Gazette Editorial Board
What’s the right size for Iowa’s deer population? It depends on who you ask.
Although this fall, Iowa’s deer herd appears to be down to a level the state Department of Resources considers sustainable, not everyone agrees with the DNR’s judgment.
Farming and insurance groups say the herd still is too large. Some hunters say it’s not large enough.
As is the case with so many things, there is no perfect answer — no clear right or wrong when it comes to managing our deer population.
Now that DNR targets have been met, it will take continued review and public conversation on the issue to make sure the herd stays healthy and to balance conflicting interests.
Iowa’s deer herd has been shrinking since 2006, as the result of DNR policies allowing for more does to be culled from the herd.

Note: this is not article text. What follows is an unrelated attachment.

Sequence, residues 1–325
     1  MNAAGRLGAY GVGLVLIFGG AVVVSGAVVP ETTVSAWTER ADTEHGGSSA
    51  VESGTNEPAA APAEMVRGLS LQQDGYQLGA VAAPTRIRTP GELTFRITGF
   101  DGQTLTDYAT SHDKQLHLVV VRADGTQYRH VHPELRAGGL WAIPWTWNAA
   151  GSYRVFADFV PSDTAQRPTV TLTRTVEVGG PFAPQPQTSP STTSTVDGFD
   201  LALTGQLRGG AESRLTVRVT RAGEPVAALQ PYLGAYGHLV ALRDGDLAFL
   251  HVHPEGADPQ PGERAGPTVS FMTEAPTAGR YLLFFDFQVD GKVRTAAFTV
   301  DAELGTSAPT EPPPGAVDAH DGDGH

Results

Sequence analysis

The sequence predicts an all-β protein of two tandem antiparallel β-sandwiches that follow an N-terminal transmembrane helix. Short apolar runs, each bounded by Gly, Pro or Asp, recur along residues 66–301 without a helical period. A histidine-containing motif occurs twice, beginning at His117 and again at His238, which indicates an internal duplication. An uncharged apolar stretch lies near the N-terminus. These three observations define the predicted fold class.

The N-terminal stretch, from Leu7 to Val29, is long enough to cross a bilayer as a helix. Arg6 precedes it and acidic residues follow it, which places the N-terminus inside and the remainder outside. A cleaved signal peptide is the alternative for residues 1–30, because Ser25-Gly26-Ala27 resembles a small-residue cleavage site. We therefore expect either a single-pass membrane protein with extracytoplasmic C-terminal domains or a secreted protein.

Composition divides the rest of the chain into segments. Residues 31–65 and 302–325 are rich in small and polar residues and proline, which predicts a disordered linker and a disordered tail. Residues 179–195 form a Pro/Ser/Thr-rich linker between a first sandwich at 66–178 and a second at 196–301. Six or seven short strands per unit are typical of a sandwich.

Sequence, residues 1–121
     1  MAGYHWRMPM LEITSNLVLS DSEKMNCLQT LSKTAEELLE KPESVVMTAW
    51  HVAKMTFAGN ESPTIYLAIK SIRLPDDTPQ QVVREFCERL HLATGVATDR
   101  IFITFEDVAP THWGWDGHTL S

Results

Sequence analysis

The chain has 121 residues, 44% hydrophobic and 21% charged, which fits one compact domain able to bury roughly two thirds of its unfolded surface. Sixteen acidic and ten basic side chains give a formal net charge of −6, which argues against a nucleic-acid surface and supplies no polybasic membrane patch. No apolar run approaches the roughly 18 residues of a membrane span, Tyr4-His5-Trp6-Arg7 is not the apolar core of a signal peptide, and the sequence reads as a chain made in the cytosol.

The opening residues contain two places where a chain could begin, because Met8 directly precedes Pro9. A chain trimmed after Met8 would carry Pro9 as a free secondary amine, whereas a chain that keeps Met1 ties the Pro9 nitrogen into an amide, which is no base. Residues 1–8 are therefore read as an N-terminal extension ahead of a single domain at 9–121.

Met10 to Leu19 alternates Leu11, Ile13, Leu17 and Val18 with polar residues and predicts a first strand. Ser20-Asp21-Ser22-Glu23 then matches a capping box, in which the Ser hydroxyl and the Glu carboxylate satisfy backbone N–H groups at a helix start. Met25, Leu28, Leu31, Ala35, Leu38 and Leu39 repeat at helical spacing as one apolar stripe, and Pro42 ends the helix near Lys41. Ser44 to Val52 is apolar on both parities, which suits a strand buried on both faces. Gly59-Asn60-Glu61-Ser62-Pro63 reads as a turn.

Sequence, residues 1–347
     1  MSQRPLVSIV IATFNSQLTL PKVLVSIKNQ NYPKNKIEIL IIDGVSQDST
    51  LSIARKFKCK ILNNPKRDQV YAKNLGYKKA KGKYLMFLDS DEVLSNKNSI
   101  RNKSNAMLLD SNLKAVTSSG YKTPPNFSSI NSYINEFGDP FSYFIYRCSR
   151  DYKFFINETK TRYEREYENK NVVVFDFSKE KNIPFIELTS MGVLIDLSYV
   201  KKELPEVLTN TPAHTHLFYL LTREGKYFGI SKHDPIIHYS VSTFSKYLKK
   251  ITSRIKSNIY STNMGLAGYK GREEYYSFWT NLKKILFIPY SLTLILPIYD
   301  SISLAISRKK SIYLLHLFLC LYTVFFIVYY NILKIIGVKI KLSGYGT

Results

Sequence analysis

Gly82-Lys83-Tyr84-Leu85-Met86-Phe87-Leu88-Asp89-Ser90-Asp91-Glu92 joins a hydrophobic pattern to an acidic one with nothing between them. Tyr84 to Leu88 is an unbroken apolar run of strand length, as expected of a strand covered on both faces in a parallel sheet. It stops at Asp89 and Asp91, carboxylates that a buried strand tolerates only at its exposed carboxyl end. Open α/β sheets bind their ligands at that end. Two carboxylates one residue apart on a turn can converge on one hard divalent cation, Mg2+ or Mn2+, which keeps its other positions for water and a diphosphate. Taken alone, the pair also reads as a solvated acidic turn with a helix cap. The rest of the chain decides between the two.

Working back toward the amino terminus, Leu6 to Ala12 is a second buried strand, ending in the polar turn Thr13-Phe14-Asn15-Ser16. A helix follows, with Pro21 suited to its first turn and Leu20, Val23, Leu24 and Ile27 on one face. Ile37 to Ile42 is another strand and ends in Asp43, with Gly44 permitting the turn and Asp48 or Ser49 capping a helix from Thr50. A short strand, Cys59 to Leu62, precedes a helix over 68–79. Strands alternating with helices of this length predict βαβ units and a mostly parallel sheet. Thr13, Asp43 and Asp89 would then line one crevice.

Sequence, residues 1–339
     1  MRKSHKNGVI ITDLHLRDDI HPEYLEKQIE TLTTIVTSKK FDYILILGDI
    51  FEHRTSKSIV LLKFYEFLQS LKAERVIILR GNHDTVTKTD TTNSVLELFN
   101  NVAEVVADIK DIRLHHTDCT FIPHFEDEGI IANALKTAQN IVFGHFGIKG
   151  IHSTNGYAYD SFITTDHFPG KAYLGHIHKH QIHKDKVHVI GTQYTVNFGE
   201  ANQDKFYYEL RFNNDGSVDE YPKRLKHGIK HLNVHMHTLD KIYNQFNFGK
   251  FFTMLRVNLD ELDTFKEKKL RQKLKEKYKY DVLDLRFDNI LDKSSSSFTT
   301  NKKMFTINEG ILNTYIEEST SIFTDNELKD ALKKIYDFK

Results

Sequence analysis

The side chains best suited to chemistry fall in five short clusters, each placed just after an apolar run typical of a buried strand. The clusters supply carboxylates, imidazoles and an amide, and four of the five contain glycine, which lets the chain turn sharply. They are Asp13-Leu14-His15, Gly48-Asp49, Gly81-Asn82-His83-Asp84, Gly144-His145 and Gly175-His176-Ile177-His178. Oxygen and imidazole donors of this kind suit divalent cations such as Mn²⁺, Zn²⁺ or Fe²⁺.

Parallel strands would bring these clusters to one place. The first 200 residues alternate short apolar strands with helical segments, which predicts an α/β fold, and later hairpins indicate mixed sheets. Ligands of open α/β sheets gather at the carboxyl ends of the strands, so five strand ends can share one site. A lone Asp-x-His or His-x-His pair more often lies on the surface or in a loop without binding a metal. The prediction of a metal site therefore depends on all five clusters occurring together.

The estimated number of deer in the state is down by one-third, from a peak of about 650,000 to about 435,000, according to a recent Gazette news story.
Satisfied with the progress, this year the DNR will issue nearly 4,000 fewer tags to allow hunting of does.
That, despite the position of some that an even smaller herd would further reduce damage to crops and accidents along Iowa roadways.
DNR efforts to trim the herd appear to have made our roadways safer — there are significantly fewer deer-related accidents and fatalities on our roadways in recent years — and that’s important. As for the rest — it’s mostly a matter of perspective.
Interested parties likely always will disagree about whether the herd is too large or too small. Every community where deer are a problem also must weigh its own policies going forward. Deer management always will be about balance, not about right or wrong.
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